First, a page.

all why this - I mean, if this was fast-tracked, that maybe short

cuts might have been taken or that something might have

slipped through, some sort of sign there that maybe there was a

side effect for people who took it?

GLASSON: Yes, I mean, there really is, you

know, this whole class of drugs it implicates, not only Vioxx but

there's a whole - Celebrex, the whole class implicated. I don't

believe that all those companies fast•tracked the drug. I think

that there's been - if you look at what research goes into

actually bringing these drugs on to the market, it is very

significant.

And the regulating bodies stipulate that they must have, you

know, five years of testing or whatever is required. And so I

think people should feel confident that new drugs that do come

on the market are tested properly. But having said that, no drug

is without side effects, nothing that you take is without a side

effect. And you've got to balance that side effect with the

benefits that that drug gives you.

And so I think that, you know, if there's a simpler way of

treating something without taking a pill, do it. But at the end of

the day if you can't live a quality of life without having that pill,

then essentially, you know, you've got to make the final

decision.

But as I said, it's a good class of drugs. It has a much lower

rate of gastrointestinal and people actually live a much better

quality of life on that class of drugs. But we have to make sure

that we get the evidence, make sure that evidence is properly

sought out and that we can give recommendations back to

patients for the long term.

SOLLY: Dr Bill Glasson, before we let you

go this morning, there are reports in one paper in particular that

the Health Minister Tony Abbott is under pressure to wind back

the Medicare safety net, which was a key plank of the Federal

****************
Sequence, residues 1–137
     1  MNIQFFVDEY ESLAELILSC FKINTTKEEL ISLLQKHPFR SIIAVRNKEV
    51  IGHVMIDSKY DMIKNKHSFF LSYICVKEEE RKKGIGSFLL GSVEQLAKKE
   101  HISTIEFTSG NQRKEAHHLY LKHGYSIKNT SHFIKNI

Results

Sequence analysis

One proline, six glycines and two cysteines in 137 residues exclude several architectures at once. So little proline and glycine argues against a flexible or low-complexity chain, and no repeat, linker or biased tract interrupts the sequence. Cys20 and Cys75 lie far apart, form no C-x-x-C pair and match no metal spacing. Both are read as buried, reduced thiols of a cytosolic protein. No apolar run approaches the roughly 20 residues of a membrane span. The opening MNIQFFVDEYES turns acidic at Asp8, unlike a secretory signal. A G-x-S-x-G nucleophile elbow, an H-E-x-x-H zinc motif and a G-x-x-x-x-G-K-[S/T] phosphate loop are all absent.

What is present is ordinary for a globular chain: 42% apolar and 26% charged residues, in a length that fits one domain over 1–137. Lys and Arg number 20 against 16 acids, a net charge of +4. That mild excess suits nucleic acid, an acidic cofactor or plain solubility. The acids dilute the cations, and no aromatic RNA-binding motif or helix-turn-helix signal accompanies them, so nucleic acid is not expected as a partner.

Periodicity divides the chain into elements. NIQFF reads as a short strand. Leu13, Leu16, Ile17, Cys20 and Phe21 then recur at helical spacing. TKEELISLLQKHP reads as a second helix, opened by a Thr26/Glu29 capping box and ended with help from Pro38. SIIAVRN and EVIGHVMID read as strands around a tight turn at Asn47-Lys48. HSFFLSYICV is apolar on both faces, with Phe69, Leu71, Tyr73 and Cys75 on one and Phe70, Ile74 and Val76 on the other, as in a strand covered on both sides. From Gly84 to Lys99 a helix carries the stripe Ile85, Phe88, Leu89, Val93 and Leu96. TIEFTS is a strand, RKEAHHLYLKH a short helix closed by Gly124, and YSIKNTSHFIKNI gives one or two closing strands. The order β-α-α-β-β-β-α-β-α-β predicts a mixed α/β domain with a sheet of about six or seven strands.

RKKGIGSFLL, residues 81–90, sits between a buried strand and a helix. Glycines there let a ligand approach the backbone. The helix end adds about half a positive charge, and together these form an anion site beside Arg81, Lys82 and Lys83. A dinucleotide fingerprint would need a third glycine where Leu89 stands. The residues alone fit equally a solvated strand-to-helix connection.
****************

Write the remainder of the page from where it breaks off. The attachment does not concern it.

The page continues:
election campaign. Apparently the pressure's coming from the

money Ministers, Mr Costello and Senator Nick Minchin. What do

you think about the possibility of that being wound back now

after it was such a key element of the election campaign?

GLASSON: Well, look, I've just been on a

pollie-pedal with Tony Abbott last week and I brought the issue

up with him because we'd heard on the grapevine that the

money men are trying to put pressure back on the safety net.

Listen, this Government was elected on a number of platforms.

One of the major platforms was the health platform and the

aspect of the health platform that people voted for was that

safety net.

I think that the voters out there would become very cynical if

they see a major clawback from that safety net. It is an

important plank in the future of Medicare, I suppose,

remodelling, and I congratulate the Government for bringing it

in. But if they're now going to destroy the integrity of the safety

net, then I can tell you that the profession, but more

importantly, the patients, particularly out in the nappy•bank land

where they're paying huge costs of mortgages and the costs of

bringing up families. When suddenly they lose that security and

affordability of the safety net, they will be very unimpressed, so

I'd suggest• •

SOLLY: But what sort of effect do you

think it will have, Dr Glasson? Do you think people will jump out

of private health insurance or• •

GLASSON: Well, I think it may have that

impact but I think more importantly is that this is a very

important plank to the current Medicare system, and that it

really delivers security and affordability to patients. And I say to

the Government for the amount of money that you're putting

into the safety net, compared to what you're putting in the

overall health system, it is quite insignificant.

And so please let this run for another year or so. Then we're

happy to look at the threshold and look at where they need to be

adjusted. But don't do a knee•jerk reaction now because what

the safety net has done is picked up on the $2 billion worth of

out•of-pocket expenses that you and I have been paying for the

last 10 years.

This is not new money that's in the system. This is money that

you and I have been paying that suddenly the safety net's

picking up. It delivers tremendously from the point of view of

those people with chronic disease and those people with young

families. And so I'd like to think that the integrity be preserved

and I ask the Prime Minister to step in here to try and prevent

any major I suppose reshuffling, a rejigging of the system at this

stage.

CLOSE: Well, we know you have your scrubs on, you're

ready to go into theatre. Dr Bill Glasson, thank you very much

for your time today.

Date released: 11/04/2005